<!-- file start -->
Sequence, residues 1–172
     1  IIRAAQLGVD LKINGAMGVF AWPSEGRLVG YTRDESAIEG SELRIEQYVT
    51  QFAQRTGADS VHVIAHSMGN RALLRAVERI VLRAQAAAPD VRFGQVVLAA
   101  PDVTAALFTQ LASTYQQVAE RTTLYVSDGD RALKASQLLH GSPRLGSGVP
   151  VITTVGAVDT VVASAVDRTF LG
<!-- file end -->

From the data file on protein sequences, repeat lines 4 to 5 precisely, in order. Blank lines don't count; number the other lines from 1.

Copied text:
   101  PDVTAALFTQ LASTYQQVAE RTTLYVSDGD RALKASQLLH GSPRLGSGVP
   151  VITTVGAVDT VVASAVDRTF LG